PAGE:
I think this will work. There are a finite number of orbits of the action of $G$ on $X$ precisely when there is an open orbit and a finite number of orbits on the complement of the orbit. Hence, it is enough to show that if there is an open orbit of a point over the smaller field precisely when there is an open orbit over the larger field. One direction is clear so it is enough to show that there is an open orbit over the larger field, there is one over the smaller field. However, consider the closed subscheme $S:=\{(g,x)\in G\times X | gx=x\}$ and the projection $S\to X$ on the second variable. A point of $X$ has an open orbit precisely when the fibre has the smallest possible dimension (when $X$ is irreducible which we may assume). However, there is an open subset (defined over the smaller field) of $X$ with fibres of minimal dimension.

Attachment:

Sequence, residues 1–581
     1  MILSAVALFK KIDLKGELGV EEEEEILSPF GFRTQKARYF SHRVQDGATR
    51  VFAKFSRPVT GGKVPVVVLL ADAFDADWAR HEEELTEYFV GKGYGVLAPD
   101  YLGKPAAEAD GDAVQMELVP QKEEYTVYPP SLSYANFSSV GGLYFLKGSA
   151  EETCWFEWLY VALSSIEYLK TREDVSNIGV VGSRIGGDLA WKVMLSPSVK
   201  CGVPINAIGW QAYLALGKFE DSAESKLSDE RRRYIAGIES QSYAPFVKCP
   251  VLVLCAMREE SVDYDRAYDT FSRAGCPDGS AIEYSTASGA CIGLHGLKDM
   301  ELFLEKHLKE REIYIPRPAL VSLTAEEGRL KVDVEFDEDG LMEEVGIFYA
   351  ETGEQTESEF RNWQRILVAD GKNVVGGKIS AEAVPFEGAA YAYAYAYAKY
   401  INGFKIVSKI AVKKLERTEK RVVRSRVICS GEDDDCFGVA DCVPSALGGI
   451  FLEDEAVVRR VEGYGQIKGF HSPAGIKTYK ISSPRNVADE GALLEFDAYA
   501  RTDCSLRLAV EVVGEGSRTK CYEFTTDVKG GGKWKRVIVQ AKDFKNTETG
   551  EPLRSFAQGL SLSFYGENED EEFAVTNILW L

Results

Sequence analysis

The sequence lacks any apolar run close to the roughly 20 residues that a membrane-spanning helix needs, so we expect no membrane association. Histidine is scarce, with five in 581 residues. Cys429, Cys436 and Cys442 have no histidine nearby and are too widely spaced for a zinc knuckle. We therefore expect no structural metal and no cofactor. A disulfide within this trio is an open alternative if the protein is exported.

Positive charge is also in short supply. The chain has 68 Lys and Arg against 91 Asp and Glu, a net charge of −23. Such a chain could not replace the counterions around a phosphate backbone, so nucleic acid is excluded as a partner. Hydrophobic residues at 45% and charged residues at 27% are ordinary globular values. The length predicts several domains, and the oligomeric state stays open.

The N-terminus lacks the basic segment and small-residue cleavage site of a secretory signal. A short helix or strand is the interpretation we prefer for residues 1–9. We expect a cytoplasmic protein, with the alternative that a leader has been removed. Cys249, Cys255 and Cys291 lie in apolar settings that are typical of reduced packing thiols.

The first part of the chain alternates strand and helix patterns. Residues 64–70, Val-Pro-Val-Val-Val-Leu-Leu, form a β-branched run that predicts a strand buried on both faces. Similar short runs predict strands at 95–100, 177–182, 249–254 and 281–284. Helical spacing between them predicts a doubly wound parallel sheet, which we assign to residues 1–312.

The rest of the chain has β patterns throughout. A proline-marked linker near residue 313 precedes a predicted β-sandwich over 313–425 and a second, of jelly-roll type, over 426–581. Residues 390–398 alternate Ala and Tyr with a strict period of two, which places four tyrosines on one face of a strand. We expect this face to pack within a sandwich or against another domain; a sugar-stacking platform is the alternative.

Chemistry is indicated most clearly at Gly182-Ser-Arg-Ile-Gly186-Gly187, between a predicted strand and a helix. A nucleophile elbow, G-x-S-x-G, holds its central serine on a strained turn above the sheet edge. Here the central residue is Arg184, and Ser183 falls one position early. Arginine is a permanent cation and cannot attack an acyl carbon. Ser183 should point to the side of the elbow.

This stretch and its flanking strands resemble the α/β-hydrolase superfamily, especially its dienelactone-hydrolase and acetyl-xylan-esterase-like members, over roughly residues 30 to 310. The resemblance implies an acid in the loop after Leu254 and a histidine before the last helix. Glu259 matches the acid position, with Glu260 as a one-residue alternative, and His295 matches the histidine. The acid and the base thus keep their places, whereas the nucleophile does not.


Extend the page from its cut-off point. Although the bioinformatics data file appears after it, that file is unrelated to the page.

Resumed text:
Addendum: As for the bijection between the orbits this is proved the same way, we have an open orbit which gives one orbit over each field and then we use Noetherian induction.

  • $\begingroup$ While still in a fairly classical setting, this way of approaching the finiteness appeals a lot to me compared with the more opaque method used in the 1997 paper. But as in the case of Thomas Scanlon's very different approach, I'm uncertain about how the bijection between orbits over the two fields in the refined formulation of my added paragraph fits here. $\endgroup$ Dec 20 '10 at 16:19
  • $\begingroup$ Thanks for the Addendum. I could see the Noetherian induction here but was less sure about the orbit representatives over $k$. $\endgroup$ Dec 21 '10 at 14:27